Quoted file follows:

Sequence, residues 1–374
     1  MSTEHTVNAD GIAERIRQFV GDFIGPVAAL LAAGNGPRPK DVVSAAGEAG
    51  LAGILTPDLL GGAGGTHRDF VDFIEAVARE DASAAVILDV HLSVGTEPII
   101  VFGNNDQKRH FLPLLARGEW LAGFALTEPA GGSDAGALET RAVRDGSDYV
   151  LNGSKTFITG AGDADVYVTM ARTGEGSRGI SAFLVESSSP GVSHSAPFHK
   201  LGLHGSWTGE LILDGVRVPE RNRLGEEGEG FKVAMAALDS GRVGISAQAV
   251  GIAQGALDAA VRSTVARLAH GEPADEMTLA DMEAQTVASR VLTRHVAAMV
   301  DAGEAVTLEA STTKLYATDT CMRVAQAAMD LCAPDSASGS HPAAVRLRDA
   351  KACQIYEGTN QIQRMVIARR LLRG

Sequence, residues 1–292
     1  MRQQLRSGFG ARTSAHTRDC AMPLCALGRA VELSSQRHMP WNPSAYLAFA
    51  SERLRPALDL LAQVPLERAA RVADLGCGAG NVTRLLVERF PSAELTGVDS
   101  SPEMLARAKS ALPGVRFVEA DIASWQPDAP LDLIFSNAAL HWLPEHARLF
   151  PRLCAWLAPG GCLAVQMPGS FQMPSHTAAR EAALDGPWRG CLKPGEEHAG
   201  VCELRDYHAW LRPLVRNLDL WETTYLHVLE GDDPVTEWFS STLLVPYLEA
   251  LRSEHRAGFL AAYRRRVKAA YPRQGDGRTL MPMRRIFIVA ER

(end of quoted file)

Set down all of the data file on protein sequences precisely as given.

Sequence, residues 1–374
     1  MSTEHTVNAD GIAERIRQFV GDFIGPVAAL LAAGNGPRPK DVVSAAGEAG
    51  LAGILTPDLL GGAGGTHRDF VDFIEAVARE DASAAVILDV HLSVGTEPII
   101  VFGNNDQKRH FLPLLARGEW LAGFALTEPA GGSDAGALET RAVRDGSDYV
   151  LNGSKTFITG AGDADVYVTM ARTGEGSRGI SAFLVESSSP GVSHSAPFHK
   201  LGLHGSWTGE LILDGVRVPE RNRLGEEGEG FKVAMAALDS GRVGISAQAV
   251  GIAQGALDAA VRSTVARLAH GEPADEMTLA DMEAQTVASR VLTRHVAAMV
   301  DAGEAVTLEA STTKLYATDT CMRVAQAAMD LCAPDSASGS HPAAVRLRDA
   351  KACQIYEGTN QIQRMVIARR LLRG

Sequence, residues 1–292
     1  MRQQLRSGFG ARTSAHTRDC AMPLCALGRA VELSSQRHMP WNPSAYLAFA
    51  SERLRPALDL LAQVPLERAA RVADLGCGAG NVTRLLVERF PSAELTGVDS
   101  SPEMLARAKS ALPGVRFVEA DIASWQPDAP LDLIFSNAAL HWLPEHARLF
   151  PRLCAWLAPG GCLAVQMPGS FQMPSHTAAR EAALDGPWRG CLKPGEEHAG
   201  VCELRDYHAW LRPLVRNLDL WETTYLHVLE GDDPVTEWFS STLLVPYLEA
   251  LRSEHRAGFL AAYRRRVKAA YPRQGDGRTL MPMRRIFIVA ER